While volunteering on the prison yard, Roy, a professor of English, started giving writing and literature lessons. He’d teach in the housing unit and sometimes on the yard, as men did pull-ups nearby. The students were eager for more, he recalls. Many had already earned multiple associate’s degrees by then, thanks to a 2014 California law that spurred rapid growth of community college education for incarcerated students. But they hit a ceiling on their higher education without a bachelor’s degree program.

In 2016, Cal State LA launched the Prison B.A. Graduation Initiative, with support from President Barack Obama’sSecond Chance Pell federal pilot program. Drawing on expertise from across the university, the initiative is a collaboration between the university’s Center for Engagement, Service, and the Public Good, the Department of Communication Studies in the College of Arts and Letters, and the College of Professional and Global Education.

Through the program, incarcerated students take one or two courses per semester toward a Bachelor of Arts in Communication, with a focus on organizational communication. For many of the men, the program was their first chance to aim higher on their educational journeys.

“The B.A. had a different significance to them,” Roy says. “[The program] shifted the narrative in prison about what is possible and also about their worth.”

Studies, including those conducted by the RAND Corporation and the Vera Institute of Justice, have shown that prison education programs can help reduce recidivism—the rate at which incarcerated people who are released return to prison—and save state taxpayer dollars. Among the factors that contribute to education’s effects in reducing recidivism are participants’ increased employment opportunities upon release from prison and changes in their cognitive abilities and behavior, according to the Prison Studies Project at Harvard University.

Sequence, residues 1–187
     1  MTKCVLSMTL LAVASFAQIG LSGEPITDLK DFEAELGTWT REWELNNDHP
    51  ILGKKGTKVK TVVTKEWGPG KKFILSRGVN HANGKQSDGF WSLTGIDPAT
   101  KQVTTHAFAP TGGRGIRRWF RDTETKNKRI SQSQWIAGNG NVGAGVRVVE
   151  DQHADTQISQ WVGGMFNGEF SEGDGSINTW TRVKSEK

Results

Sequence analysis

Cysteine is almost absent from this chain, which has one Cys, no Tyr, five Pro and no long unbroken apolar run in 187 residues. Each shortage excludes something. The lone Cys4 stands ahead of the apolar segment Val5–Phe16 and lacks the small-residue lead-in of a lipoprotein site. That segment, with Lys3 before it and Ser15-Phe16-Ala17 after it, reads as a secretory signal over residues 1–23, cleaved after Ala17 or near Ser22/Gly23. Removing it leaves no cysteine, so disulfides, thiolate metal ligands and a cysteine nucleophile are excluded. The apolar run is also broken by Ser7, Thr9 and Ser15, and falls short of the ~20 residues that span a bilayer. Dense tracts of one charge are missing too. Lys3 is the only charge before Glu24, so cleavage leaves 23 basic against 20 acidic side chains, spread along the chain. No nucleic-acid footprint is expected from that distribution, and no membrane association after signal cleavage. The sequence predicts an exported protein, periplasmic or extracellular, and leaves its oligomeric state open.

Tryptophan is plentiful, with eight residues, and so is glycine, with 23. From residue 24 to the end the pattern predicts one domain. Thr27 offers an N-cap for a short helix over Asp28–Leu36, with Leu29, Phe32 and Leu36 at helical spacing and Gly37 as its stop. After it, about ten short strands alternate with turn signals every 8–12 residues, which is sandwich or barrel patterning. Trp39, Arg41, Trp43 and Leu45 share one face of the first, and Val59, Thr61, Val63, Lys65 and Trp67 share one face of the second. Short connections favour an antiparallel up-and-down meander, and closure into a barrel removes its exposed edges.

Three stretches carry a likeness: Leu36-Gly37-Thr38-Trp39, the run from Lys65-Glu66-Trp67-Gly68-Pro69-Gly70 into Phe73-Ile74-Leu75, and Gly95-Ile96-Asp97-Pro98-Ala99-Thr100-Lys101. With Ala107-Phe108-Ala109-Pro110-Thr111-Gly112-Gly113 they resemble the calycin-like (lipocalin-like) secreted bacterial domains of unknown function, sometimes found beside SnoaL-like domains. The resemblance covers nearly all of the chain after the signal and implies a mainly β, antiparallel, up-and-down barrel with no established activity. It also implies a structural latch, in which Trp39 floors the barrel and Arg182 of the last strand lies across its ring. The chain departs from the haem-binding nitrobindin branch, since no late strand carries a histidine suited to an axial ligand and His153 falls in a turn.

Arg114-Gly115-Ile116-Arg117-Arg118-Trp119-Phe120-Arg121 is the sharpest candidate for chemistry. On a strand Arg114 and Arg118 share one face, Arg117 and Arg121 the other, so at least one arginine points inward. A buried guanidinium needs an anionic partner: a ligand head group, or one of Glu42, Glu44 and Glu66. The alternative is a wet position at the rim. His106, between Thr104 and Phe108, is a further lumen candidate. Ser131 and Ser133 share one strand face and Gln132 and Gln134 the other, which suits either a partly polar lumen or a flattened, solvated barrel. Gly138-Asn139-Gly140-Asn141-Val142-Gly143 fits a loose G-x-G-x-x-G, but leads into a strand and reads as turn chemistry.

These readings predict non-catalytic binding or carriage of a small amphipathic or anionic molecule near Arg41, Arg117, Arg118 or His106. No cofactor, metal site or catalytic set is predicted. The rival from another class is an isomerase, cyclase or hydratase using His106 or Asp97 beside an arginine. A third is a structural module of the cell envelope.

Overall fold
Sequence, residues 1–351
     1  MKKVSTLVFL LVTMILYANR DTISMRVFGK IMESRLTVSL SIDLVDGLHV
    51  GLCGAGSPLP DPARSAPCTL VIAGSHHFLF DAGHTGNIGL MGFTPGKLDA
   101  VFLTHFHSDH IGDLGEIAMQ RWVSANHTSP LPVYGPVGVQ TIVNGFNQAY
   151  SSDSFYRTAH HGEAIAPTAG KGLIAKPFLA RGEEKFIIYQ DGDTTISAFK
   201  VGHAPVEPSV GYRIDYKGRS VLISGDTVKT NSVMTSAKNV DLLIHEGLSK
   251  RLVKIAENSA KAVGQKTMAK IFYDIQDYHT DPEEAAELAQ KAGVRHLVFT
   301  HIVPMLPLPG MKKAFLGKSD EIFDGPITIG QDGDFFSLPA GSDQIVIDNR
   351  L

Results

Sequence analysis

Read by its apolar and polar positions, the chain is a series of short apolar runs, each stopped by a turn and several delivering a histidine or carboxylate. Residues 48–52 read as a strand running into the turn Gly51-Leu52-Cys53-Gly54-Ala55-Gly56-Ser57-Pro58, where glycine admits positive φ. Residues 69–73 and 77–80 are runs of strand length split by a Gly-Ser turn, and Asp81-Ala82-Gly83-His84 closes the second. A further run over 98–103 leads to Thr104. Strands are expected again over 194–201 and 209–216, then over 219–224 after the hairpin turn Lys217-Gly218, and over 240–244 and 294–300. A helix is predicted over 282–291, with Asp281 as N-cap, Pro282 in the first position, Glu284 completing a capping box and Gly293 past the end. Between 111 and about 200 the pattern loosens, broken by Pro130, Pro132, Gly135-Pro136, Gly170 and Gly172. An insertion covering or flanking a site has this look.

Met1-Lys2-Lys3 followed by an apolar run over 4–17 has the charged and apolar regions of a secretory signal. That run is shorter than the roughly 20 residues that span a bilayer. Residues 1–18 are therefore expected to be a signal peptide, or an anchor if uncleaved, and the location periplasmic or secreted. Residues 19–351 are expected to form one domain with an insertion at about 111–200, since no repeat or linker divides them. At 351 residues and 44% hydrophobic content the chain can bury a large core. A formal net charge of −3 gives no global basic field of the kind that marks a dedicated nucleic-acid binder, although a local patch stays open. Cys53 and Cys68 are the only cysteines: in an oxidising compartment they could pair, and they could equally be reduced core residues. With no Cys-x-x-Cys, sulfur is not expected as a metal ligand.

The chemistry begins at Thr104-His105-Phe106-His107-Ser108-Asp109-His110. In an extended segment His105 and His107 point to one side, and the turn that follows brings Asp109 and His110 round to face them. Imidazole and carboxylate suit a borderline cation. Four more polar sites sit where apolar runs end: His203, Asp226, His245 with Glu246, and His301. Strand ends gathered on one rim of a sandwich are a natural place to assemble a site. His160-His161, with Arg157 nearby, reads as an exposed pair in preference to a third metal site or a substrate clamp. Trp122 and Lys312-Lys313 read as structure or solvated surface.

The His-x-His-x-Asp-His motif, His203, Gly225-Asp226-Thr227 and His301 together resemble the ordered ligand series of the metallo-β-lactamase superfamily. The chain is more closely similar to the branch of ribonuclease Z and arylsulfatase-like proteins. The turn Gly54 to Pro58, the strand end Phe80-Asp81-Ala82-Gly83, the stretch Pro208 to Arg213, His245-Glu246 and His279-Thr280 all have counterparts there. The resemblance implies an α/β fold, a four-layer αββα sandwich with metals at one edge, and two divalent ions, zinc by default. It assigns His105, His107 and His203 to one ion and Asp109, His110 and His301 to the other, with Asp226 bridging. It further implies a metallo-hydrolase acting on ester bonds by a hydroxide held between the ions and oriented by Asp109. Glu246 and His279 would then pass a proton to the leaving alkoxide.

“The degree is transferrable to every part of our lives,” says Clifton Gibson, who was released from prison in 2019 and earned his degree with the Class of 2020. “Having that guidance from the professors and from Cal State LA has been instrumental in not only my transition, but my personal development. It gave me different eyes and perspectives of where I was in life, where I wanted to go and where I’ve been.”

Cal State LA’s B.A. program has equipped the incarcerated and formerly incarcerated students with critical thinking skills, writing abilities and experiences that have fostered personal transformations.

“Getting involved in the B.A. program, as the classes proceeded from English to interpersonal communication, violence in literature and public speaking, everyone is respectful, everyone is anxious to learn, and I just began to grow,” a student said in a powerful documentary short about the program produced by Cal State LA students in 2018.

The students in the program have had opportunities to publish their academic work in the Prison BA Journal, a publication of the Department of Communication Studies, and Colloquy, another department journal. In spring 2019, Cal State LA students taking an animation course on the university’s main campus collaborated with Lancaster students to bring some of their writings to life through 14 animated documentary shorts.